2008 Fleetwood Tioga
2008 Fleetwood Tioga
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Covering the area of 1.25 million acres, Prescott National Forest is heaven for outdoor enthusiasts in Arizona. This glorious park offers visitors lush views of pine forests, rock formations, rivers, and mountain lakes. The changing elevation makes this place perfect for hiking, wildlife observation, rock climbing, mountain biking, and boating. Not to forget that the national forest is easily accessible since it lays west of Prescott and a bit over two hours away from Phoenix.
The unique location of Prescott National Forest has been attractive to explorers for centuries. The desert terrain dominates the southern part of Arizona, but as Prescott National Forest stretches north, the landscape gives way to dense forests and rolling hills. The U.S. Forest Service recognized the potential of this place and established Prescott National Forest in 1907. It is a prime location for camping as well, so if you wish to take a scenic drive through northern Arizona, book an RV in Yavapai County and experience the different side of this state.
The mild climate allows hikers to explore Prescott National Forest all year round. There are more than 100 trails within this area that range from beginner-friendly to difficult. All trails are well-marked, and hikers could easily find a route that suits their abilities. Prescott National Forest campers who choose more challenging uphill paths, like Pine Mountain Trail or Granite Mountain Trail, will get to enjoy incredible vistas that stretch in all directions. It is good to mention that hiking here in summer could be hard because of the high temperatures. Make sure you stick to shaded trails and carry enough water with you.
With four lakes and eight rivers, Prescott National Forest is an excellent location for fishing and watersports. The recreational opportunities here are endless, especially if you are into boating, kayaking, and canoeing. Lynx Lake is popular among anglers because it is close to a campground and regularly stocked with trout. Unfortunately, swimmers can’t use this 55-acre lake. If you are looking for a more secluded fishing spot, Granite Basin Lake could be one of your options. Anglers come here to catch largemouth bass, bluegill, and catfish.
Prescott National Forest has several campgrounds that can accommodate long vehicles and RVs. Located on the top of the mountain, Mingus Mountain Campground is one of the best places for motorhome camping within this national forest. The views of the Verde Valley are simply spectacular, and campers will have access to all the basic amenities during their stay. These include drinking water, vault toilets, and picnic areas. The campground offers 19 sites for RVs, and each has an electric hookup. These are suitable for vehicles that are up to 40 feet long. Pets are welcome here, but they need to be kept on a leash. Reservations are not available since the campground is first-come, first-served.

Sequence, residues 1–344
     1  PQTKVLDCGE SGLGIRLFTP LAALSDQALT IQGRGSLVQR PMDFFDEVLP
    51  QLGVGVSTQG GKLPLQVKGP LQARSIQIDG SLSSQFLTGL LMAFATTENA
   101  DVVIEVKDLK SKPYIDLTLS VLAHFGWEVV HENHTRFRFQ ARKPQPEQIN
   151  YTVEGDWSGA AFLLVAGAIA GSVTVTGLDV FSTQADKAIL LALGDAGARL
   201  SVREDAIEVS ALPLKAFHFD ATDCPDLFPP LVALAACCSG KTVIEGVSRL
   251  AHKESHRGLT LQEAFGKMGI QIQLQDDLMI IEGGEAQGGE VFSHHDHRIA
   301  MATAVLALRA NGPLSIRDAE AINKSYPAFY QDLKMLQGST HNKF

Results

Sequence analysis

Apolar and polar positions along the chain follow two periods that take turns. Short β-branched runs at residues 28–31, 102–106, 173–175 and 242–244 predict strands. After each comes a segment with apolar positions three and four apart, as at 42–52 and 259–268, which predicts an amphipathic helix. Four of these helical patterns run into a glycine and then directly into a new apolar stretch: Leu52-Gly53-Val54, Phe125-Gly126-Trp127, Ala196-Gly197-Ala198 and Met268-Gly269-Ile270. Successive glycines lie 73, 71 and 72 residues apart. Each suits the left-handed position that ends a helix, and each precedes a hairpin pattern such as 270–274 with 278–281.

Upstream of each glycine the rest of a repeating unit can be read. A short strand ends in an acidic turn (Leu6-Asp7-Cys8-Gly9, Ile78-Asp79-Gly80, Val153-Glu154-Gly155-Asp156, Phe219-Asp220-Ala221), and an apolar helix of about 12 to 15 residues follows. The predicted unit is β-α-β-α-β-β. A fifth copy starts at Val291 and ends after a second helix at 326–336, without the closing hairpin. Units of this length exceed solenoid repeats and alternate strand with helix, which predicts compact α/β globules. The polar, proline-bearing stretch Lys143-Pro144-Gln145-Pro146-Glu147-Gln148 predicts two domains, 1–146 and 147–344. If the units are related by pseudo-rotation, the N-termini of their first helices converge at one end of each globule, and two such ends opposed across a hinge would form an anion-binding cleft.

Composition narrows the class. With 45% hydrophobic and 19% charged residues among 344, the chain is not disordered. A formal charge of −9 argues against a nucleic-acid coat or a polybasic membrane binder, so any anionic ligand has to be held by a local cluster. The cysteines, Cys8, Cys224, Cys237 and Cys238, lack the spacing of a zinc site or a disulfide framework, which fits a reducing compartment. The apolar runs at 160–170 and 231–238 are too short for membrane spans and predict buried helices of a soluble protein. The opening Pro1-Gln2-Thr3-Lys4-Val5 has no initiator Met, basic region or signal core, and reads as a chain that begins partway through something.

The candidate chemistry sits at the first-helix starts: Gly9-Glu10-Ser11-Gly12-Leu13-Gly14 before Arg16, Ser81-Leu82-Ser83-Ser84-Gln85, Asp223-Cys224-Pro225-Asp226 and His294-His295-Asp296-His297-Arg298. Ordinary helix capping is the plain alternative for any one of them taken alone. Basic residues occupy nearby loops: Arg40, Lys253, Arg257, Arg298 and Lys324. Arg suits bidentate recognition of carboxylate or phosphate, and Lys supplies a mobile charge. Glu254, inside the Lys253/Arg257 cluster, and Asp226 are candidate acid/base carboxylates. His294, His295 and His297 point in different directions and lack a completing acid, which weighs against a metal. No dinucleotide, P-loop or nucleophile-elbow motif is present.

When you want to go camping near the water, Lynx Lake Campground is for you. This place has 35 sites suitable for RVs and trailers not longer than 35 feet. Each site has a picnic table and a fire ring. No hookups are available here. Other features include vault and flush toilets, drinking water, and garbage pickup. Lynx Lake Campground is open from April to late October. Campers may reserve their spot by contacting the campground’s office via phone or online.
The city of Prescott is nestled between the Mingus and Bradshaw Mountains. Visitors who go RV camping at Prescott National Forest will probably pass through the city on their way there. The fascinating history of this place includes Native Americans, cowboys, and gold miners. That should be enough to convince you to spend a couple of hours touring this gorgeous city. Not to forget that Prescott was the first capital of the Territory of Arizona until 1867. The city is known for stunning historic architecture and rows of old Victorian houses. If you want to learn more about Prescott’s past, stop by the Sharlot Hall Museum. It was established in 1928 by Sharlot Mabridth Hall, who started collecting various documents and information about the area. Here you may see the permanent exhibits dedicated to Yavapai County’s past, as well as Native American artifacts. The museum offers guided tours, but visitors are free to explore this place on their own.
When you happen to be in Prescott in summer, make sure you attend the Prescott Frontier Days. This event has been held in Prescott since 1888, and it is often referred to as the World’s Oldest Rodeo. Prescott Frontier Days bring the whole community together over the 4th of July weekend. Visitors could see various rodeo performances, participate in dance competitions, watch the parade, and listen to live music. Younger visitors are encouraged to attend the arts and crafts workshops or even learn the basics of rodeo from the professional cowboys.
The downtown area of Prescott is a must-see for anyone interested in architecture. A large number of buildings are from the 1800s, and they have been fully restored in recent years. The most popular part of this historic area is the Whiskey Row. It was built in 1864 after a devastating fire and used to be the meeting point for some of the well-known icons of the Old West. Doc Holliday was a common sight in Prescott’s saloons. Tourists may also find excellent restaurants in downtown Prescott that serve delicious Old West food.
Those of you who wish to see more of Arizona in their rental RV could get supplies at one of the convenience stores downtown. Then head east to I-17 and continue driving north towards Flagstaff, the city surrounded by natural wonders such as Grand Canyon National Park and Sunset Crater National Monument.